You could measure the traffic on the special web page, and the conversion rate i.e. whether you'd actually get any sales from it.

    Seriously, I'd like to see people do that kind of experiments, and share the results. I think we could learn an extra thing or two about purchasing behavior of the so-called "pirates". :)
  • Ben Blom
    Ben Blom Posts: 250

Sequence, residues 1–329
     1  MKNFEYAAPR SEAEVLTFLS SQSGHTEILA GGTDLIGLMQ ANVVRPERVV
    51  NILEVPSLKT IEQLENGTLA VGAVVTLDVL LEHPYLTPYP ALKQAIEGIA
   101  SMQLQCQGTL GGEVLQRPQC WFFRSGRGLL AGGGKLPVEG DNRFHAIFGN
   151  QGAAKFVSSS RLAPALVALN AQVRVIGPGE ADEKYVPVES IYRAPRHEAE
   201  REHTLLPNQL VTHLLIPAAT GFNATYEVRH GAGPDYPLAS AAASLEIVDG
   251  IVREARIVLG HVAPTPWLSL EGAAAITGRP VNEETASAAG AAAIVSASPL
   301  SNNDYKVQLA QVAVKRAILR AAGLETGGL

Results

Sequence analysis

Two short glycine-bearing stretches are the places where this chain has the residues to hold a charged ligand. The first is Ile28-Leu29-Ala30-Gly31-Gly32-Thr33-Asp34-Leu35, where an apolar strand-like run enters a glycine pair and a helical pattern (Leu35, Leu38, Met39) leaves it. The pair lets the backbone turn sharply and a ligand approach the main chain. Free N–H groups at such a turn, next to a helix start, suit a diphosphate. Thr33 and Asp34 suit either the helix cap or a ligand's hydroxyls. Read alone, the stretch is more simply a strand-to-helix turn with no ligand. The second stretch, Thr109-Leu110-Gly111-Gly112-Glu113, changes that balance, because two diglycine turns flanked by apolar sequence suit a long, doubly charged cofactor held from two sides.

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    Anyone who is not only in the business of designing fonts, but also in the business of selling fonts, should consider the marketing of fonts. If you are a micro foundry without a long history, and if you are not connected very well to the design industry — you do not have a reputation and network to support the sale of your fonts. Then it will be hard to sell your fonts just by yourself; you have to sell your fonts through one or more of the big internet font marketplaces, like MyFonts. When doing this, it would be smart to consider all marketing options available. The font itself, is, of course, an important element of the marketing mix. The list price is another one. At MyFonts and other internet marketplaces for fonts, it is possible for foundries to offer a temporary price discount. A temporary introductory discount is an important marketing tool, because it can help to get exposure or visibility, and if you are lucky, it can help to get a lot of it. However, not all exposure is the same. So, for instance, very deep price discounts (especially when the dollar value of the discounted item gets very low) might lead to an unfavorable reputation.